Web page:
So within this passage there are underlying themes. The first concerns those who would call themselves religious leaders and teachers. There are many, says Jesus who would like to think there is a tradesman's entrance to the sheepfold, the Kingdom of God if you prefer (which is how I interpret the idea of the sheepfold).

They think there's a back door that can be squeezed through, or an open window that can be prized open enough to gain access. But they will be found out for what they are - Jesus uses the terms thieves and robbers for those who would try and lead their followers through anything but the front door.

Have you ever been to an event or club where the guy on the door has stamped the back of your hand with a mark as you enter, so that you can prove you came in the right entrance and didn't sneak in some other way.

Well, says Jesus there are many who try and try and sneak in some other way, sometimes without realising what they're doing. But it's the shepherd who leads his sheep through the gate, who knows his sheep, who cares for his sheep. Those who try and enter by any other means will be revealed for what they are

Paul in Galatians says "I bear on my body the marks of Jesus"

As for safety, for being saved, for salvation, there is only one entrance, says Jesus. It's not through the Law, fancy words, sacrifice or rituals. It's through me. Those who came before had ulterior motives, they had their own self-interests at the heart of what they preached. They were effectively thieves and robbers. They stole not only money but souls.

"I am the entrance gate," says Jesus. "They came to steal and destroy. I have come that they might have life, and have it to the full."

Although John in his Gospel has Jesus as the centre of this passage with the two "I ams" I'm sure it's to the listeners that these words are aimed, every bit as much as the Pharisees and the teachers of the Law. There is a very real sense in saying that within these few verses is summed up the whole mystery of the Gospel, the Good News of Salvation.

Let's pick up on the important points

We are precious in the eyes of Jesus. He doesn't just know us in the sense that a farmer knows his cows by the name of Daisy or Ermintrude. "I know my sheep and my sheep know me - JUST AS THE FATHER KNOWS ME AND I KNOW THE FATHER." This is the depth of the relationship that Jesus wants to establish with us. It's the love of a father, family love, a two-way relationship of trust, care and faith. Not only that, but he loved us before we even knew him, and goes on loving people into his sheepfold, his Kingdom. "I have other sheep that are not of this sheep pen. I must bring them also. They too will listen to my voice, and there shall be one flock and one shepherd."

We are loved to the ultimate. "Greater love has no man than that he lays down his life for a friend." What does Jesus tell us here? "…I lay down my life for the sheep… No-one takes it from me, but I lay it down of my own accord."

There are others who would distract us, scatter us, persuade us to venture far from the safety of the sheepfold - these are the thieves and the robbers that Jesus talks about. But if we stay close to the shepherd this false teaching will not deceive us. "The sheep know the shepherd's voice, but they will never follow a stranger; in fact they will run away from him because they do not recognise a stranger's voice"

The picture we form in our minds of a sheepfold might be one of being hemmed in, claustrophobic maybe. Yes, it's safe in here surrounded by solid walls and a doorway that's guarded by the one who knows everyone who belongs here, but I need to move around, stretch my wings now and then. No problem! Remember I talked about the doorman who stamps your hand with a mark as you enter?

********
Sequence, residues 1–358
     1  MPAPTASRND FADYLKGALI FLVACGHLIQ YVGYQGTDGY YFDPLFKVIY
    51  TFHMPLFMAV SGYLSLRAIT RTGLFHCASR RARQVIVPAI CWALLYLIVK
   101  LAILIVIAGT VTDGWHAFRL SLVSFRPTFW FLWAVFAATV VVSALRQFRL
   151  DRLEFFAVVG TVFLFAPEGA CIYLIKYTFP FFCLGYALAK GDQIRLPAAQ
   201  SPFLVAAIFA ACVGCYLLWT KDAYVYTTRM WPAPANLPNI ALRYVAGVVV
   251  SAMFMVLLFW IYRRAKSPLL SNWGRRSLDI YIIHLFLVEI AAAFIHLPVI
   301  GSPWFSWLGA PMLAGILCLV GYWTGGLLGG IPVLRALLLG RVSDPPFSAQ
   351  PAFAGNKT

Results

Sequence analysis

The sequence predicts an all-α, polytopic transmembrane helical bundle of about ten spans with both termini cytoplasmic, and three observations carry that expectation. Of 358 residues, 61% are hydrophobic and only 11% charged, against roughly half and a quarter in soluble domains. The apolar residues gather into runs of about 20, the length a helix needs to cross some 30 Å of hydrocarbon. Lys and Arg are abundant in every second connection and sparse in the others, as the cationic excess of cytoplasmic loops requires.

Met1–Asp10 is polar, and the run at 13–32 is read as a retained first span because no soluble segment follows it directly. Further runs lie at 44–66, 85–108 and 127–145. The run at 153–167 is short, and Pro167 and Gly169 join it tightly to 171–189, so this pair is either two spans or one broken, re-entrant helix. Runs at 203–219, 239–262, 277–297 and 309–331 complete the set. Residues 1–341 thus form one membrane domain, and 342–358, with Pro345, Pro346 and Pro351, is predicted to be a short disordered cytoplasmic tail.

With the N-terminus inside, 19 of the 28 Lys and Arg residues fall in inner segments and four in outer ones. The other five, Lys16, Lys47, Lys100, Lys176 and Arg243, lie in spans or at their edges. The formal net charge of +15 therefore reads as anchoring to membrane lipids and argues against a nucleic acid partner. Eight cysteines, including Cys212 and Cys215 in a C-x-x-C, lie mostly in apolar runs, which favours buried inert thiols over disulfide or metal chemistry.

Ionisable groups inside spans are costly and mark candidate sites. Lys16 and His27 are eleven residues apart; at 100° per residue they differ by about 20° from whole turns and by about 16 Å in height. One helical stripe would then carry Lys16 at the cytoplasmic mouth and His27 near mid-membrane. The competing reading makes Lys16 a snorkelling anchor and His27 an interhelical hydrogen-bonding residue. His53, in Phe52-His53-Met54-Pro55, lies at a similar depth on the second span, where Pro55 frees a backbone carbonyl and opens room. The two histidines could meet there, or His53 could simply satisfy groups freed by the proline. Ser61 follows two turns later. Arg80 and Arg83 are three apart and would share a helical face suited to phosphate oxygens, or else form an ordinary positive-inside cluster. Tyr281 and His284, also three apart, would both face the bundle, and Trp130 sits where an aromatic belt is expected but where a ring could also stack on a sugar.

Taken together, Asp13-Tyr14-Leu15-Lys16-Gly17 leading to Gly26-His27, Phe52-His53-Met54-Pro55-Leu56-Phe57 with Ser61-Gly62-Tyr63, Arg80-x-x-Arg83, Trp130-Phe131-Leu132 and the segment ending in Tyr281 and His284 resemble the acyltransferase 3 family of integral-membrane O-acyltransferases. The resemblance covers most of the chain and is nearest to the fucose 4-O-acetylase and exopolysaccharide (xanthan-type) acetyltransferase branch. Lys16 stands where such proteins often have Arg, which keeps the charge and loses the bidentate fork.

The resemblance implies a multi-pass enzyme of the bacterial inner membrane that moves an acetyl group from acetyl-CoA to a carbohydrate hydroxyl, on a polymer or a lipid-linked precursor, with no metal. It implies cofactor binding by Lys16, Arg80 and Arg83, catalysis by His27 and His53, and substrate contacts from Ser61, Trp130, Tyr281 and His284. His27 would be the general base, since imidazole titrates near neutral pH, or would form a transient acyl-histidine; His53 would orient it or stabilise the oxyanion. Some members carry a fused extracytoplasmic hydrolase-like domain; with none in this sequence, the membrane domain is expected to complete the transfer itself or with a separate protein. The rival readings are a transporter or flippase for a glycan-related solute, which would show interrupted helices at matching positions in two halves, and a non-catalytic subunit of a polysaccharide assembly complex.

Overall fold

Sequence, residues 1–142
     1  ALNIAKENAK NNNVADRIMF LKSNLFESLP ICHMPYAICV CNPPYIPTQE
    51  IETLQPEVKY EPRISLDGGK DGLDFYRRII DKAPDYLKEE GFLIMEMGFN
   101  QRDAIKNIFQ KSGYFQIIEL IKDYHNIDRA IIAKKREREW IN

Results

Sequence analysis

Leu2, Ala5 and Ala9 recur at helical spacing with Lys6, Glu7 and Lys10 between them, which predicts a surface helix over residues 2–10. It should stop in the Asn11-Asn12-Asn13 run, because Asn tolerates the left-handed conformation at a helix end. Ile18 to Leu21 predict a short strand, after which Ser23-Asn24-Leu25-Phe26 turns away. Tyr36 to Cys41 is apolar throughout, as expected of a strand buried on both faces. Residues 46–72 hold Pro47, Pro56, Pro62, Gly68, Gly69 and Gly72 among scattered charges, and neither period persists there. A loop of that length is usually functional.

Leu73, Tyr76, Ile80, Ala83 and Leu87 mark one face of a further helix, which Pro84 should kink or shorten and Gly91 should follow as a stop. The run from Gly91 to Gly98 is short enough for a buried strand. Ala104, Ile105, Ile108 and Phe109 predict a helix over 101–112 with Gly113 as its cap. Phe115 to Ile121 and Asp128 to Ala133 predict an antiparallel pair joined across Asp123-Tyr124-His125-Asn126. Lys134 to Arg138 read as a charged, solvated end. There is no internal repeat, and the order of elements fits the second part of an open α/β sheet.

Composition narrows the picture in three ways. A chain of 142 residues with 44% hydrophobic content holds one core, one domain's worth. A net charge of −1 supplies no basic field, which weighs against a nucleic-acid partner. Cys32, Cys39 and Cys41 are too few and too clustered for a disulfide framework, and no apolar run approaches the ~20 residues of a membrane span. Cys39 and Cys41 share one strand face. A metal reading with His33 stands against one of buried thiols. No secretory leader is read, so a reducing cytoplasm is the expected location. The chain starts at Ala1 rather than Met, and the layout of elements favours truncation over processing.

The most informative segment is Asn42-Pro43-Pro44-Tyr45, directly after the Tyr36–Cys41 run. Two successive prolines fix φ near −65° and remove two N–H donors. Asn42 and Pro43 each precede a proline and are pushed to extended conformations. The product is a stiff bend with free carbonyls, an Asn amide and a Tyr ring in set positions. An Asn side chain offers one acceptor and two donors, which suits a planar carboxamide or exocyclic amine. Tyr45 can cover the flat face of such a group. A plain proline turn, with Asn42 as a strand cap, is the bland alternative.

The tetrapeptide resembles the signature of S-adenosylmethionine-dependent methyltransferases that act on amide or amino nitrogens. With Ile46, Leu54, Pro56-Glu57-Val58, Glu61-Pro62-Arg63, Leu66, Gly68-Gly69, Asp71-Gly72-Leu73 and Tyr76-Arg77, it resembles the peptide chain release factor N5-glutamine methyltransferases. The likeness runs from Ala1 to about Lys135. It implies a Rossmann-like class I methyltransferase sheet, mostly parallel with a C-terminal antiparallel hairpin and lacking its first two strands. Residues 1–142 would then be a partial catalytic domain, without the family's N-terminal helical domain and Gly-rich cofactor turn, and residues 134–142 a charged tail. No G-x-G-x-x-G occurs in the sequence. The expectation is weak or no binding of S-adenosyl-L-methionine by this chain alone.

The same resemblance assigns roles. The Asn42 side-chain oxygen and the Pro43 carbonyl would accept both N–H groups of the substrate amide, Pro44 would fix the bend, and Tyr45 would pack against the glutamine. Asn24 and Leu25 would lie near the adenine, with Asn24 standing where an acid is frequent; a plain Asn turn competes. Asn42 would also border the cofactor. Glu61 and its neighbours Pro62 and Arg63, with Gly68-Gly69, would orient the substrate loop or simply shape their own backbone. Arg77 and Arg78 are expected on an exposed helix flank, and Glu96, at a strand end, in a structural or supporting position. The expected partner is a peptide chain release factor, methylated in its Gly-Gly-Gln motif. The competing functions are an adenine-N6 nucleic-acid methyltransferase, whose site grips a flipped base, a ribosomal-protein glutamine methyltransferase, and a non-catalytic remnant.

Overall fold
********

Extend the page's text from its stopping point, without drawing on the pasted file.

Well one of the reasons for that is that it serves as a pass-out, you show your hand and he lets you go in and out as you will, because he knows you belong there legitimately. Did you catch verse 9 where it says "…he will come in and go out, and find pasture"

True believers are at home in Christ; when they go out, they are not shut out as strangers, but are free to come in again; when they come in, they are not shut in as trespassers, but are free to go out. They go out to the field in the morning, they come into the fold at night; and in both the Shepherd leads and cares for them, and they find pasture in both: grass in the field, fodder in the fold. Their needs are catered for.

This is the freedom of the sheepfold, of the Kingdom of God, which is the sheepfold that we as believers belong to. Within the fellowship of the Kingdom of God we are fed and watered by the Spirit, but our spiritual life and fellowship is not confined to the four walls of a Church, it goes out with us as we leave surrounded and protected by his loving arms.

Fifthly it is through Jesus that we find entry to the sheepfold. There is no other way to know the intimate fellowship that is possible with Jesus and His Father. And no one is ever forced to follow that path. Jesus never mentions sheepdogs herding up the sheep. They hear and follow the shepherd's voice, they listen to his words. We are only ever loved into the Kingdom of God, never forced. Loved to the ultimate, loved to the point of sacrifice on a cross.

What this passage teaches us more than anything else is how much we are loved. We were loved even before we entered the Kingdom of God, before we heard the Shepherd's voice and followed. Loved to the cross and beyond. Outside these walls, within our circle of family, friends and work-mates there are many who are also hearing that voice.

It is our responsibility to lead them in the right direction, to love them into the Kingdom; to the safety of the family of God; to the knowledge that they are precious in the eyes of God… and to salvation through the death and resurrection of Jesus, the Good Shepherd of His sheep.